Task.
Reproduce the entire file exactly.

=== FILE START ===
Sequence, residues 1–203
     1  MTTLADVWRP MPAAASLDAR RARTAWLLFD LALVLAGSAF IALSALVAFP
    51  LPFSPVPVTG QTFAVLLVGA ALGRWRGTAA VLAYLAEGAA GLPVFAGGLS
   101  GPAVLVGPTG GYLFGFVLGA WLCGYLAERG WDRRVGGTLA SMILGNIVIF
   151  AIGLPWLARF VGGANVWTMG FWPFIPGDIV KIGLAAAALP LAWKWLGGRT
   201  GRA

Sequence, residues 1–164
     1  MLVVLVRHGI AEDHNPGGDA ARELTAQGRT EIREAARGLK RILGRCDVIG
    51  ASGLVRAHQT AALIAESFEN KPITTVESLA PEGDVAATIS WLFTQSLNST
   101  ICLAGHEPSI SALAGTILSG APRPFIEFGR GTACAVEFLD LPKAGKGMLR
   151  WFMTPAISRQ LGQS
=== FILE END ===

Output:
Sequence, residues 1–203
     1  MTTLADVWRP MPAAASLDAR RARTAWLLFD LALVLAGSAF IALSALVAFP
    51  LPFSPVPVTG QTFAVLLVGA ALGRWRGTAA VLAYLAEGAA GLPVFAGGLS
   101  GPAVLVGPTG GYLFGFVLGA WLCGYLAERG WDRRVGGTLA SMILGNIVIF
   151  AIGLPWLARF VGGANVWTMG FWPFIPGDIV KIGLAAAALP LAWKWLGGRT
   201  GRA

Sequence, residues 1–164
     1  MLVVLVRHGI AEDHNPGGDA ARELTAQGRT EIREAARGLK RILGRCDVIG
    51  ASGLVRAHQT AALIAESFEN KPITTVESLA PEGDVAATIS WLFTQSLNST
   101  ICLAGHEPSI SALAGTILSG APRPFIEFGR GTACAVEFLD LPKAGKGMLR
   151  WFMTPAISRQ LGQS